Fifteen years ago we wandered through stores like Pottery Barn and Bed, Bath and Beyond, scanner guns in our hands, zapping the items that we hoped would fill our house. This home we were imagining was going to be filled with people and dinner parties (which was obvious by the amount of place settings we registered for).
We didn’t choose any tablecloths because we didn’t know what size table we would end up with.
Here we are, 15 years later, and we still don’t have tablecloths because our table is temporary. It was a hand-me-down that is going to be replaced…eventually. And our abundance of plates and soup bowls are stacked neatly in the basement, tiredly waiting for our dinner parties. We have a gravy boat that’s never been used because (1) I don’t make gravy (not sure why I ever thought that I would) and (2) we don’t host big meals.
Our table is too small, our house is too squishy, our kids go to bed too early, our friends are too busy…
Once upon a time, my friends and I all lived in tiny basement suites, but it didn’t stop us from cramming in as many of us as we could to share meals or play cards. We plugged in a rice cooker in the bathroom, sat on the floor in the living room because none of us owned enough chairs, and balanced plates on our laps. We made it work because we wanted to be together.
I keep waiting, I think, for the longer table to be built, for a house that’s a bit bigger, for dinner parties that resemble the Braverman family meals to spontaneously unfold in my backyard. I keep waiting for the community that I imagined to show up. For friends who drop by to my (always clean) house, for a front porch where my girlfriends and I sit sipping our iced tea while a whole gaggle of kids run and play up and down the street, for other families to share life with. I keep waiting for friendship at this stage of life to feel something like it did years ago, when we all had the time to just be together.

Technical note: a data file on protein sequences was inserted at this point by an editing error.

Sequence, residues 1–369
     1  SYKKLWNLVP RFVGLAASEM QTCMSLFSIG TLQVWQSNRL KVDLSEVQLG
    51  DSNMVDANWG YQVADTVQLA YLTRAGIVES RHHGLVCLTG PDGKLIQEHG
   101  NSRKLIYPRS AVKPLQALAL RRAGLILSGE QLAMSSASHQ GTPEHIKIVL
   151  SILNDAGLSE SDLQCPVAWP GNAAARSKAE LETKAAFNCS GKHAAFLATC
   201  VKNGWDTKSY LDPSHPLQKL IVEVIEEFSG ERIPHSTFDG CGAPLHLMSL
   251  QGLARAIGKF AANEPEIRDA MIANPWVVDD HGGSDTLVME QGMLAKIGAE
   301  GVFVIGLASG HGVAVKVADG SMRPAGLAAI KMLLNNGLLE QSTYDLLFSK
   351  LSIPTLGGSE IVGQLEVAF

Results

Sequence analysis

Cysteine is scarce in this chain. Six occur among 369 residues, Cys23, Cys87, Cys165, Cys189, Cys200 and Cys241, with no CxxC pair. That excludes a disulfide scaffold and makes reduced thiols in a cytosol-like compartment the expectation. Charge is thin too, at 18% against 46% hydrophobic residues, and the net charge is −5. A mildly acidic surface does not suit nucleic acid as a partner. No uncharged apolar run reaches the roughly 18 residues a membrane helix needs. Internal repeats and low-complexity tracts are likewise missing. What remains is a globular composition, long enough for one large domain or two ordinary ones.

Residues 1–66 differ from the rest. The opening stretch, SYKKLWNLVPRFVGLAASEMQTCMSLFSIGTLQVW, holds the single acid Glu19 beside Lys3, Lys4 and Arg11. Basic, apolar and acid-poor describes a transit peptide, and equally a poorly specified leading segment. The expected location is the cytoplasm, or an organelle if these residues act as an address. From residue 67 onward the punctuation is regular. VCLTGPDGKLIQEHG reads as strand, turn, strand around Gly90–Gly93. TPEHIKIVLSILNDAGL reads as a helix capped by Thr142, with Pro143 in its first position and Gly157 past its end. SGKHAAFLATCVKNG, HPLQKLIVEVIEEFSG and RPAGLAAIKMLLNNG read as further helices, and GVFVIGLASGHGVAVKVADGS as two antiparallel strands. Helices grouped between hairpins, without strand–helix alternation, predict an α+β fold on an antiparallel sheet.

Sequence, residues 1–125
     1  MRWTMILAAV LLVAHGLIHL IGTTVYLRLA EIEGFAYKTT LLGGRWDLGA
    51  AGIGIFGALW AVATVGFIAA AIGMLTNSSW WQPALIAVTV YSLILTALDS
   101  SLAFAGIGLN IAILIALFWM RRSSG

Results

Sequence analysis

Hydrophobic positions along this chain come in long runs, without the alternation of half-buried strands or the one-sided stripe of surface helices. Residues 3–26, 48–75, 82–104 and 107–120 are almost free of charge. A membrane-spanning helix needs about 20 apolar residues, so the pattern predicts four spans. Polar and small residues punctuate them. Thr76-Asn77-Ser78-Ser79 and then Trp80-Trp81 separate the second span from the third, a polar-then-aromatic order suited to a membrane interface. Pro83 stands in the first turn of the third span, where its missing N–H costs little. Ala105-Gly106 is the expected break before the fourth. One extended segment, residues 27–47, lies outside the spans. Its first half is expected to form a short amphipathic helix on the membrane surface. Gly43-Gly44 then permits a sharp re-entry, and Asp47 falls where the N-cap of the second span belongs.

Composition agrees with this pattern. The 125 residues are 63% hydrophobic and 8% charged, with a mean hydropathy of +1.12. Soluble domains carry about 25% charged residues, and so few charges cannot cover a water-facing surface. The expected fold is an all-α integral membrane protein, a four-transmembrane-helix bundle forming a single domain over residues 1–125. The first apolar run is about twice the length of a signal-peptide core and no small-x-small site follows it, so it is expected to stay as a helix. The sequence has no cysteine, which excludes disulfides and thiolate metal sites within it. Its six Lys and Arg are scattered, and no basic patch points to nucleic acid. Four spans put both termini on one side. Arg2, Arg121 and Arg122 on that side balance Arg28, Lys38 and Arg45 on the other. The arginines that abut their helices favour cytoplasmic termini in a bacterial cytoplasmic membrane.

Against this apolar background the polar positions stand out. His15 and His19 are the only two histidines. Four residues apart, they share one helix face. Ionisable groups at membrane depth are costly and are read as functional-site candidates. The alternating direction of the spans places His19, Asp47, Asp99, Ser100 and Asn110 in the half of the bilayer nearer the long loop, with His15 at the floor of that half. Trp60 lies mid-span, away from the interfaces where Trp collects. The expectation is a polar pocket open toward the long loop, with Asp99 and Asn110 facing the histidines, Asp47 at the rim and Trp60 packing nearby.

Maybe you know something of what this feels like. Maybe you, too, have found the stage of life you’re in to not be quite what you were anticipating. Maybe you slow down every now and then, look around, and realize your friendships aren’t what you wish they were. Maybe you, too, find yourself waiting until things are a bit different before you really put time into community.
But here is what I’m learning: All of that waiting for just the right things to fall into place, to happen on their own, keeps us from cultivating the relationships we do have. While I’m busy wishing that my best friends all live next door, I’m missing out on getting to know the people who actually do live next door.
Maybe you’re familiar with the phrase, “The good is the enemy of the best.” I think we could also say, “Illusions of the best are the enemy of the good.” Our perfect ideals of what this life should look like can get in the way of noticing and living in the good that is.
Sometimes in order to have the community we long for, we have to just start living like that community already exists. That’s what I’m leaning into this year.